Cindy Bukach Cindy Bukach, associate professor of psychology at the University of Richmond, has received a $218,716 grant from the National Science Foundation for a project that focuses on preparing undergraduates for research in STEM-related fields.

Bukach’s project called PURSUE (Preparing Undergraduates for Research in STEM-Related Fields Using Electrophysiology) works to improve undergraduate education in STEM fields by training students in cognitive electrophysiology techniques. Cognitive electrophysiology includes electroencephalography (EEG), a measure of continuous ongoing changes in electrical activity in the brain that reflects cognitive processing, and event related potential (ERP), which synchronizes the EEG data to specific sensory, cognitive or motor events in real time, allowing researchers to link brain activity to behavior.

The project aims to develop high-impact, open access undergraduate curricula that includes a database of key ERP experiments for hands-on lab exercises, establish an electrophysiology teaching-learning community and develop an open-access website to disseminate the materials and function as a social network to facilitate research at primarily undergraduate institutions.

“The capacity to think critically about cognitive neuroscience is becoming more important as public policies rely more heavily on findings from cognitive neuroscience research. It is my hope that these materials will encourage more faculty at primarily undergraduate institutions to involve undergraduates in authentic research experiences,” said Bukach.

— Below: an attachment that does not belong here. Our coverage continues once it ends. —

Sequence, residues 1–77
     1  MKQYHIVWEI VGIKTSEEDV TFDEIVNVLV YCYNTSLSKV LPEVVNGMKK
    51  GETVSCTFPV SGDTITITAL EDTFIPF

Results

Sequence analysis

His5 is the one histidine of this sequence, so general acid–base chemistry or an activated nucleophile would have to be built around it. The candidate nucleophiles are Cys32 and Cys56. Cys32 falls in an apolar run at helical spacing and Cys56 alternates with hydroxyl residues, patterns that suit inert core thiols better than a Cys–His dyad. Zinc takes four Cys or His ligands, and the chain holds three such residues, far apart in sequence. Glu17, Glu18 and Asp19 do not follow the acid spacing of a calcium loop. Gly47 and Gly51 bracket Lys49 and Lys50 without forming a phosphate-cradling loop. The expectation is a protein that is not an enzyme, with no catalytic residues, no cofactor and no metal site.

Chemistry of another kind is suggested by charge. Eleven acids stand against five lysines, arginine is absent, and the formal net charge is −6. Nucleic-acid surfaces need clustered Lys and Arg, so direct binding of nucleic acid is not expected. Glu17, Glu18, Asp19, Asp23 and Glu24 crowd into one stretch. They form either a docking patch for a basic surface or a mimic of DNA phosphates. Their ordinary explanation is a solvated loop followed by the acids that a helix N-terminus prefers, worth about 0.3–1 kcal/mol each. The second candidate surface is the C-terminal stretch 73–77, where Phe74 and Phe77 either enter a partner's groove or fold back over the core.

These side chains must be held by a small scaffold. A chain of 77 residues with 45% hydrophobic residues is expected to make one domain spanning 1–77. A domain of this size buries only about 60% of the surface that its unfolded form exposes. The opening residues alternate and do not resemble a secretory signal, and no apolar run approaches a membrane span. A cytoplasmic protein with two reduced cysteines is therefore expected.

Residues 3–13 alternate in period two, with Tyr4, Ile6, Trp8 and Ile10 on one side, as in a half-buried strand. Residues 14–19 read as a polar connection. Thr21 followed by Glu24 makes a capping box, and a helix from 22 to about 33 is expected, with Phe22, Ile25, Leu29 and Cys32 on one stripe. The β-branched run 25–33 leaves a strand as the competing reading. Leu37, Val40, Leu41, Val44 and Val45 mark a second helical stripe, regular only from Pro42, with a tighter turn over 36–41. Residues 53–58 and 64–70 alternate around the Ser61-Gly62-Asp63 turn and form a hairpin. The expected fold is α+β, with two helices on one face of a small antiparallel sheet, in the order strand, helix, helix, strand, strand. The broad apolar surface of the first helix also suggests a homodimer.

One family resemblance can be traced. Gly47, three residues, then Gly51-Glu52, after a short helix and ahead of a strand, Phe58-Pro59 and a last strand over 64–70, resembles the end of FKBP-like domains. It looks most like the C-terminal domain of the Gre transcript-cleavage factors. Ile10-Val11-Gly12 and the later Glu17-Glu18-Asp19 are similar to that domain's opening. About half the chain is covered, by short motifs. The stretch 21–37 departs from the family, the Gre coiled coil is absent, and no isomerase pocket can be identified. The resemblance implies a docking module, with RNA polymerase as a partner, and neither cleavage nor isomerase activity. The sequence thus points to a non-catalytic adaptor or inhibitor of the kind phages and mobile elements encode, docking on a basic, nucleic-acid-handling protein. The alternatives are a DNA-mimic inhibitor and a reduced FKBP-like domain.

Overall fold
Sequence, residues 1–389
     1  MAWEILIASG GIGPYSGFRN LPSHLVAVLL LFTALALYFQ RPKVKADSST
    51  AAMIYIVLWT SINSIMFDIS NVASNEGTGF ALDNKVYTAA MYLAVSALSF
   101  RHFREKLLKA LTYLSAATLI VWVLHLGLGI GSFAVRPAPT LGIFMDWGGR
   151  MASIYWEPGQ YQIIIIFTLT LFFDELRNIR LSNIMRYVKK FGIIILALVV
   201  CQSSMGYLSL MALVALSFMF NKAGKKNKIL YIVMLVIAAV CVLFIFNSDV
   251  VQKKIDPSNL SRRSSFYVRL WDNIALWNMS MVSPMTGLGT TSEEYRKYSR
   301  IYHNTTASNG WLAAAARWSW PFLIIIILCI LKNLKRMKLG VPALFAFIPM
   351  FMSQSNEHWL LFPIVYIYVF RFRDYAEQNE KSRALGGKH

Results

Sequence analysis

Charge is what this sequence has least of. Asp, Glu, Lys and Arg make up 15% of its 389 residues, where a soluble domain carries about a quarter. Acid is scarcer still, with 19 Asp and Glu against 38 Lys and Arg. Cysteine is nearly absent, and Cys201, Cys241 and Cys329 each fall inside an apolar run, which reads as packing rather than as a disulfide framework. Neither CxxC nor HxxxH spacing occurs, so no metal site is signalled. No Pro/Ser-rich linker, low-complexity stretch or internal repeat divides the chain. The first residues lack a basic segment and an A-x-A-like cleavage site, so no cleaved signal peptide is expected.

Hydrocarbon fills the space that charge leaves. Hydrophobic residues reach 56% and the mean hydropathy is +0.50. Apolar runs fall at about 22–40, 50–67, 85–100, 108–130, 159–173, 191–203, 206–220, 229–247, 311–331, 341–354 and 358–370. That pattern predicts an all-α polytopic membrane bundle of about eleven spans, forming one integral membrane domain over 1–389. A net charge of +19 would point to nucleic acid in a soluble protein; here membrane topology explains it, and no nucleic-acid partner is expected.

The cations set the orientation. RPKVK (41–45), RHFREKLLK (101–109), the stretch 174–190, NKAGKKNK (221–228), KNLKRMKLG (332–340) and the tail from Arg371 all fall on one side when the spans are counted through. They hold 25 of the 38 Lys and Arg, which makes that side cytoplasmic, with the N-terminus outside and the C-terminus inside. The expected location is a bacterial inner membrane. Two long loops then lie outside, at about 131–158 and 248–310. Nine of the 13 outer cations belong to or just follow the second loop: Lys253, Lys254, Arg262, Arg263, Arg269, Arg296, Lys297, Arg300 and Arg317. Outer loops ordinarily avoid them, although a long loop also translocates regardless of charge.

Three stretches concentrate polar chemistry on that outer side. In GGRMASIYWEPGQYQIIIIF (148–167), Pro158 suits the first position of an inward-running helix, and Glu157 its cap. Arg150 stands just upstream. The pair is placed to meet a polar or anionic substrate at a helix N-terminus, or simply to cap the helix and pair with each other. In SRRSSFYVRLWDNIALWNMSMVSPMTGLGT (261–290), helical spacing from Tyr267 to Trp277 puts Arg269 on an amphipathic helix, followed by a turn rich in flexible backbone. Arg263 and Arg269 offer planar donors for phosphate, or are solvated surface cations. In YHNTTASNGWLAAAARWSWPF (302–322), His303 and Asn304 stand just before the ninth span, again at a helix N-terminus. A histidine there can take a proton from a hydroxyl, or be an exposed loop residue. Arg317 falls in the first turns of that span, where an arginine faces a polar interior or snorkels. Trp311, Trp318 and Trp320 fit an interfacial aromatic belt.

Bukach is the lead scientist on the PURSUE project and is working with Catherine Reed of Claremont McKenna College and Jane Couperus of Hampshire College. Grants were awarded to each of the project’s collaborators. The grant will be used over a three-year period for summer research stipends and other research-related costs for Bukach and two undergraduates each year.

Bukach has taught at Richmond since 2006. She received her Ph.D. from the University of Victoria, British Columbia, Canada.

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Associate Professor of Psychology
Chair, Department of Psychology
Object recognition
Cognitive and neural mechanisms of the development and loss of perceptual expertise across the
Organization of semantic knowledge
Category specificity in cognitively intact and impaired individuals
Face recognition